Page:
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Ask Not What Your Country Can Do For You

28 Feb

Alexis de Tocqueville said in his book Democracy in America that democracy “can only exist until the voters discover that they can vote themselves largesse from the public treasury.” [1] He also said, in the same book, that “The American Republic will endure until the day Congress discovers that it can bribe the public with the public’s money.” [2] This Frenchman, over 170 years ago, saw with alarming accuracy what is happening today in America. Modern political races have become more like middle-school student council elections, with the candidates offering wild promises to their electorate that they have no way to keep. And the voters have become just as bad, choosing candidates based on who is offering them the most, instead of voting for what is best for the country.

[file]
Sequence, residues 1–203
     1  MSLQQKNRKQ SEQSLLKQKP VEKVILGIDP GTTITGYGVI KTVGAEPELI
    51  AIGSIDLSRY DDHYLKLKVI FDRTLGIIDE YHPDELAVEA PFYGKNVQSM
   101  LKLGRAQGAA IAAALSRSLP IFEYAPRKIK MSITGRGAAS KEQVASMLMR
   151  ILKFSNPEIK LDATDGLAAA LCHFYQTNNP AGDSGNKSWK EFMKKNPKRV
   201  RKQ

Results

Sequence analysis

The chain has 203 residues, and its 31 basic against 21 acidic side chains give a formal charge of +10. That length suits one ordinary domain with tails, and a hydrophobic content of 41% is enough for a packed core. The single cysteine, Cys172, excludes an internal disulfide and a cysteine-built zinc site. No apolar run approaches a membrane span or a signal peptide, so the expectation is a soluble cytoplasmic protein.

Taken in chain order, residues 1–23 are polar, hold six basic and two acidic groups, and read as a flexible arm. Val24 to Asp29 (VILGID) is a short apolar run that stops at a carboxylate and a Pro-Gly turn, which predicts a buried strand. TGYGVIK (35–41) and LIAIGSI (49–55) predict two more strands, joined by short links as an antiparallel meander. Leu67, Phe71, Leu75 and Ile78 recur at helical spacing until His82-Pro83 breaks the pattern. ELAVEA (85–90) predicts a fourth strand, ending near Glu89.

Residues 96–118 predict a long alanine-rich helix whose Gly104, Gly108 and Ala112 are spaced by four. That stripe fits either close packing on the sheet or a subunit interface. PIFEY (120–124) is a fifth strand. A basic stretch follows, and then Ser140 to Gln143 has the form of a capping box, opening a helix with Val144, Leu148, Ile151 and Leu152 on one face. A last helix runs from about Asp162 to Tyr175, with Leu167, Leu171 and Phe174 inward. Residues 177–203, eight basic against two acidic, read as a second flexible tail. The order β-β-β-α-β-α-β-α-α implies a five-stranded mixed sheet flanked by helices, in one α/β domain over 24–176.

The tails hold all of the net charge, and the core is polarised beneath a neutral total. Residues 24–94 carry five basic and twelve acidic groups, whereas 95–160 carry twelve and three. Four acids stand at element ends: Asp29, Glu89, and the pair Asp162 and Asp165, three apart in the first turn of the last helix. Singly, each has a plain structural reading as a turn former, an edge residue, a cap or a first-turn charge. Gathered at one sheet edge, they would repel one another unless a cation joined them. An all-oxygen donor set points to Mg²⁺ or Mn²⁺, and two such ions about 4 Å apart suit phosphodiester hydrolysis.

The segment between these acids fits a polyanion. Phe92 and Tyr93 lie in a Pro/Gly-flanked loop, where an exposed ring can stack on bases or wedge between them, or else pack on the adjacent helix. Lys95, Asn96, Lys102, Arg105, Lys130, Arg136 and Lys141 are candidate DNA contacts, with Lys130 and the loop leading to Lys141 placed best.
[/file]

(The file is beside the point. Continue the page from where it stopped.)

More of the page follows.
Voters and Congress, working in tandem, have swept any concern about sustainability and finances under the rug, choosing instead to vote themselves more and more payments and services from the public treasury, which we have no hope of paying for as a country, and that government has no business providing. This is not to say that fiscal responsibility means the government should abandon the elderly and disabled to their fate, as the pro-spend mentality of some individuals would have you believe. However, it is clear that the government is living well outside its means, and that people have come to expect far more from government than it was ever meant to provide.

Tocqueville predicted that the ultimate result of this process is that democracy will collapse over loose fiscal policy and be followed by a dictatorship. As a country, we are dangerously close to this point, but it is not too late to halt and reverse the process. However, to do so, a majority of the voters must recognize that the financial writing is on the wall, and that, as a country, we have maxed out our credit. The only option left, other than to continue in our current path until the government collapses, is to eliminate the extravagances in our budget and to cease operating on a deficit.

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